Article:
Jack McAuliffe

“My tongue will tell the anger of my heart, or else my heart concealing it will break,” Kate (Ryan Benson ’21) delivers fiercely through clenched teeth to Petruchio (Zeb Mehring ’19). Not your Mama’s “Taming of the Shrew”, or I guess more accurately not your Daddy’s “Taming of the Shrew,” the production of director Sarah Young ’20 is more tragedy than comedy.

The play is an unapologetic portrayal of enslaving gender roles and unquestioned violence against women, and the production successfully creates a sharp, convincing and engrossing misogynistic dystopia that’s thankfully different and yet sickly similar to the world of its audience.

If Shakespeare’s not your go-to 16th-century cup of tea, “The Taming of the Shrew” centers around the wealthy Baptista Minola (Ryan Lim ’19)’s yin-yang daughters and their marital prospects. Bianca (Vanessa Copeland ’21), the soft-spoken and puppy-dog obedient heartthrob of Padua can’t see suitors until strong-minded kick-ass Kate is married.

A series of Shakespearean identity substitutions and setups leads to opportunistic sociopath Petruchio marrying Kate and “taming” her into the perfect wife. The heaviness of the difficult-to-watch “taming” (featuring starvation and domestic abuse) is offset by reflections on social class and witty, electric pun wars and goofy miscommunications driven principally by the exploits of servants Grumio (Lauren Bond ’21) and Tranio (Gabrielle Poisson ’21).

While there may be “small choice in rotten apples,” “The Taming of the Shrew”’s cast is about as not-rotten as you could pick. Benson is impactful in the emotional depth she brings to Kate’s “taming,” and Mehring made for an impressively complex smooth-talking, manipulative archvillain.

On the comedic face of the coin, Poisson and her accomplices Gremio (Eden Mendelsohn ’21), Hortensio (Elka Wade ’21) and Biondello (Adrianne Owings ’20) are a dynamic humor squad, and Bond, in her roles as Grumio and as impersonator-Vincentio is — in snobby theater reviewer terms — a “force.” Midway between domestic abuse and zesty Shakespearean zingers are the adorable romantics Bianca and Lucas Vázquez Bassat ’21 as Lucentio, and the cool, collected misogynistic father Baptista.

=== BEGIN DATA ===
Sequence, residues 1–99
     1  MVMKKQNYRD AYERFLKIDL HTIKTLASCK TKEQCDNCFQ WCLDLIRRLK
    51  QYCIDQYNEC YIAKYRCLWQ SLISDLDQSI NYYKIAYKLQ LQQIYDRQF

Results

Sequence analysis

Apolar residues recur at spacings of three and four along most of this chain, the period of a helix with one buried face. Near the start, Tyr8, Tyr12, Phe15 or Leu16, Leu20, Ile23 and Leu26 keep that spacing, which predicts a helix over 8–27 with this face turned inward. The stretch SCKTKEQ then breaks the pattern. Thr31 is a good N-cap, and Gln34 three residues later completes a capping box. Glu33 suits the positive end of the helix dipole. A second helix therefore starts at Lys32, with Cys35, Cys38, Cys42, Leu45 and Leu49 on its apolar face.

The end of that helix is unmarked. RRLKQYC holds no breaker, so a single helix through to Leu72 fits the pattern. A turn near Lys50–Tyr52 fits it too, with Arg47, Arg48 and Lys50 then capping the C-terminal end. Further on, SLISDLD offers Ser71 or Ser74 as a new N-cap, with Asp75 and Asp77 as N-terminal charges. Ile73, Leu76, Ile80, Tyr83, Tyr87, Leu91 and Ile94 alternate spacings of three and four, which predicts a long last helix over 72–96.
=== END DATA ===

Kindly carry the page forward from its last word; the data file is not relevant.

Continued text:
The strongest moments of the strong production are in the sometimes jarring, sometimes hilarious, always attention-grabbing sequences of back-and-forths. In comedy-world, one such edge-of-your-seat Shakespearean display of linguistic acrobatics is when servant Tranio assumes noble Lucentio’s identity and, woozy from his huge social-mobility leap, has a hilarious rapid-fire exchange with Gremio and Hortensio over their love for Bianca. Kate’s and Petruchio’s first meeting matches the powerful momentum of Tranio’s scene but in The Upside Down: tense, violent and moving.

I think the set of “The Taming of the Shrew” and the production’s costume choices are clues at the timelessness of the play, or at least the timelessness of this production. Petruchio’s “ridiculous” wedding outfit, designed to embarrass Kate and her family, included a fuzzy fur coat; Grumio wore scrunchies and a rainbow sweater and played with Chinese finger traps; the set was quaintly adorned with different potted plants, all as if to give the production a sense of floating-in-time, as if to say that sexism, class conflict and seriously, sexism, aren’t confined to the 1500s.

I love that the opposite of what a Shakespearean audience might have seen in “The Taming of the Shrew” is what makes it relevant today. The light comedy of Petruchio’s punny close of the first act is popped when he runs off stage with Kate violently slung over his shoulder. Instead of a happy wedding ending, the finale, Kate’s final monologue, is a cathartic expression of hopelessness. This production of the play is a paradox, a demanding reflection on how much has happened in 500 years and how much hasn’t.

Emily Schussheim | emily.schussheim@yale.edu